Slow Down - Who Said Faster Was Better?

I'm not sure if it was the financial economy, personal greed, or sheer ignorance, but for my whole life and many decades before, people have been living fast paced and unintentional lifestyles. I too am guilty of losing the purpose and becoming fixed on the finish line. Goals and aspirations often transcend the journey, they distract you from enjoying life right now. I write about this because I'm passionate towards making a change and believe many people could do the same thing.

I have been home from Europe for about just two weeks and already the sense of urgency has returned. In any spare moment I had (which were few) I felt this obligation to start something else, text the next person to see, or fill my time with any sort of productivity. I felt this need to be doing, constantly. For some reason, my return was met with the subconscious avoidance to just be still. Though the concept may seem simple, the majority of people would be extremely uncomfortable just "being." Most don't even know what that really means.

Acknowledgement was started a decade back with yoga and meditation, but even those mechanisms have been quickly morphed into business propositions, money makers, and economic entities. Human needs are constantly marketed, losing their purpose in the making. Authenticity becomes dulled and profits become priority. Money is time and time is the most valuable thing we own.

Vaguely speaking, we are all in a rush. Whether it be to finish school, grow in our career, financially excel, start a family, or have the freedom we deem appropriate, we are all trying to get somewhere. Goals are good, my anxiety has brought me far places, and high expectations are a great way to become motivated, but there is also lack of appreciation in constant motion. This lifestyle puts us in a state of stress. We are not built for this. Our hearts, digestive system, level of fatigue, mental clarity, and overall health suffer when we don't decompress, when we push too hard, when we don't ever stop.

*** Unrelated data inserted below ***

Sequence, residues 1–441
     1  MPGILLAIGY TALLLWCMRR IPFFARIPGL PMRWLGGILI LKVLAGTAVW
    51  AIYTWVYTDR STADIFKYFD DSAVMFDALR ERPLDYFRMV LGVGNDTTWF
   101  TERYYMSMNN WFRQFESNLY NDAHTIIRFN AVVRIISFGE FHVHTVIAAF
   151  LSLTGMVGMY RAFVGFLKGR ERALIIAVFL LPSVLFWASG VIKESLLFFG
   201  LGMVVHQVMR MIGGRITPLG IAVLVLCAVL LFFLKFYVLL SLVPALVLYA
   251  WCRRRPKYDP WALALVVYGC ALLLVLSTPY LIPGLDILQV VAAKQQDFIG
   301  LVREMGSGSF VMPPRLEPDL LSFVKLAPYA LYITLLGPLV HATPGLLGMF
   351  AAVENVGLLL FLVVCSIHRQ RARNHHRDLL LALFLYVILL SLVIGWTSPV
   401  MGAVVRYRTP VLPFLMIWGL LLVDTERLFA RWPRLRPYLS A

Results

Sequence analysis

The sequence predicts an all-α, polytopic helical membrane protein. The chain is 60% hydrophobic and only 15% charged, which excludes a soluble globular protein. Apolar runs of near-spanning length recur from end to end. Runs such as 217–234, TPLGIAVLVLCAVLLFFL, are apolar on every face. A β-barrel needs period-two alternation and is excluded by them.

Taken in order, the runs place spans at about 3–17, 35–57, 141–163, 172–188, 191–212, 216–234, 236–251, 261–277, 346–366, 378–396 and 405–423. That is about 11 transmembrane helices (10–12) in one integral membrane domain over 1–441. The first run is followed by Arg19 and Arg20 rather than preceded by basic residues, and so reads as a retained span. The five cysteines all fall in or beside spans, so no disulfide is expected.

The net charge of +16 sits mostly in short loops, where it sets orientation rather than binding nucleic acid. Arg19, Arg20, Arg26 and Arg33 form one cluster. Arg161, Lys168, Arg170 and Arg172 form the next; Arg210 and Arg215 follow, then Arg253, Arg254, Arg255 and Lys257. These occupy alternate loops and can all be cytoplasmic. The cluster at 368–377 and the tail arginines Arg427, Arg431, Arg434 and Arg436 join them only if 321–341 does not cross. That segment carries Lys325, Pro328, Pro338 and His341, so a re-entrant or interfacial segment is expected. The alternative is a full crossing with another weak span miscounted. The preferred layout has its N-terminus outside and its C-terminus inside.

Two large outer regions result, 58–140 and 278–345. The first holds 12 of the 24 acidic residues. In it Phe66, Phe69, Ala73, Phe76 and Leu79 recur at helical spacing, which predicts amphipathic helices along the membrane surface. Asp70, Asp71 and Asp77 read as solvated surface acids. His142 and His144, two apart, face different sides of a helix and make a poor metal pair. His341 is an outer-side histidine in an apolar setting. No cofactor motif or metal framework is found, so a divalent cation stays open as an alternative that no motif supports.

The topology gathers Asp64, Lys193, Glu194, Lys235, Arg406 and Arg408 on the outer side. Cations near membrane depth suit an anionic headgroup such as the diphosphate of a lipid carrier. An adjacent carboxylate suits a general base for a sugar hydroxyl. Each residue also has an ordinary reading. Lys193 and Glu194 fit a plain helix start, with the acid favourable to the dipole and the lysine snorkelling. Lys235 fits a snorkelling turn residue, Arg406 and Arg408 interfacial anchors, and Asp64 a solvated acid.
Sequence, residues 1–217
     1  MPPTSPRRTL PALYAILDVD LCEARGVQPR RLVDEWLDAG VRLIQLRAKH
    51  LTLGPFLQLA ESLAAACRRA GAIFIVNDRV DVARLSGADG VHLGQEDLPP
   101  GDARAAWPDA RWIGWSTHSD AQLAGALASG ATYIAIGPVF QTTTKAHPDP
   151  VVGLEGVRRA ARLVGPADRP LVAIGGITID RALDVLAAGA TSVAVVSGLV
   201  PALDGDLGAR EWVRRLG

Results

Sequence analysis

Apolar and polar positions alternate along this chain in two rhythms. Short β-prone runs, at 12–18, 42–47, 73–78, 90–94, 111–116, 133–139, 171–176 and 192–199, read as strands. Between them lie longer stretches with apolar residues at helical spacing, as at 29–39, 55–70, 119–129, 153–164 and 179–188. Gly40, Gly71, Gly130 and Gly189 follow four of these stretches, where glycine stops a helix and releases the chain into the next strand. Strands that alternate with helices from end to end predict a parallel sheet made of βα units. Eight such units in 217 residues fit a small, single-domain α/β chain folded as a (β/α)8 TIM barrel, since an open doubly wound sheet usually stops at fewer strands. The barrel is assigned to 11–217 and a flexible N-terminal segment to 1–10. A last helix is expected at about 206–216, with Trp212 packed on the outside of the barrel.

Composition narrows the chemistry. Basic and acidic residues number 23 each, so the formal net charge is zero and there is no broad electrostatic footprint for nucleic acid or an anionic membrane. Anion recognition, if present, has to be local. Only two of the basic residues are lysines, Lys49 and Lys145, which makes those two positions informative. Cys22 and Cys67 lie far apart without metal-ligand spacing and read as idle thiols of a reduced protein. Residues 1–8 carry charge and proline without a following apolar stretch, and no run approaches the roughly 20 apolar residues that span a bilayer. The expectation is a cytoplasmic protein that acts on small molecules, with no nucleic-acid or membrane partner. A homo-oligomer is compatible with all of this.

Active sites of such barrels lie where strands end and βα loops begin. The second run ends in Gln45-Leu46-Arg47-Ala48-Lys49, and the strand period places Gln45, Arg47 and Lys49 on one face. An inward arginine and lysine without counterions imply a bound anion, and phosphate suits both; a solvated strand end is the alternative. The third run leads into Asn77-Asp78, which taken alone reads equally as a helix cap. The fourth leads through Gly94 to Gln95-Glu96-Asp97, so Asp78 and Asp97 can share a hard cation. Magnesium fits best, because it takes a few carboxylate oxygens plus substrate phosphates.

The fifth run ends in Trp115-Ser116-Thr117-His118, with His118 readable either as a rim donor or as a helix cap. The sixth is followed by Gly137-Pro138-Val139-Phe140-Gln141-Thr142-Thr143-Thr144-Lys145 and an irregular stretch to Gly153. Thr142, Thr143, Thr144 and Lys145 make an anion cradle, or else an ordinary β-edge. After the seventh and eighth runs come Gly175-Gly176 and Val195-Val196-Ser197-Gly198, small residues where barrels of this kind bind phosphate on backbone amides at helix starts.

Despite the obvious physical concerns, hindsight tends to agree. Look back. Think about how many moments passes before they even sunk in. Think about how much has gone unnoticed, how little thanks you gave, how quick it all seems to be passing by. Fast paced living ignores the little things. We become fixated on tangible things and markable success. Our values, superficial, basing worth on performance alone.

Whoever said faster was better could have a lot of great arguments. It is necessary to participate when you want something bad, when you aspire to meet a self imposed standard. But, what I'm suggesting is to meet that choice with an equal goal of peace, presence, and contentedness. Just as I want for myself, I want others to feel their life as it happens. I think acknowledgement and understanding of situations can do great good for evaluating the good and bad, for cleaning out the gutters of your life, and for making a plan going forward. Being mindful of your own actions is crucial to being fulfilled.

So, my advice is to slow down. This voice telling you it all has to be done now, isn't real. Like an eating disorder or an inner critique - it's unhelpful noise and you can tell it to go away. You can be the narrator of your own life instead of falling prey to another.

This need to be doing, the exaggerated productivity, it's not sustainable. This is why some of the most well paying, high profile, intense careers end with burnouts. I advocate hard work and dedication, but I advocate for taking a step back too. I advocate for experiencing your life instead of letting it run you by.

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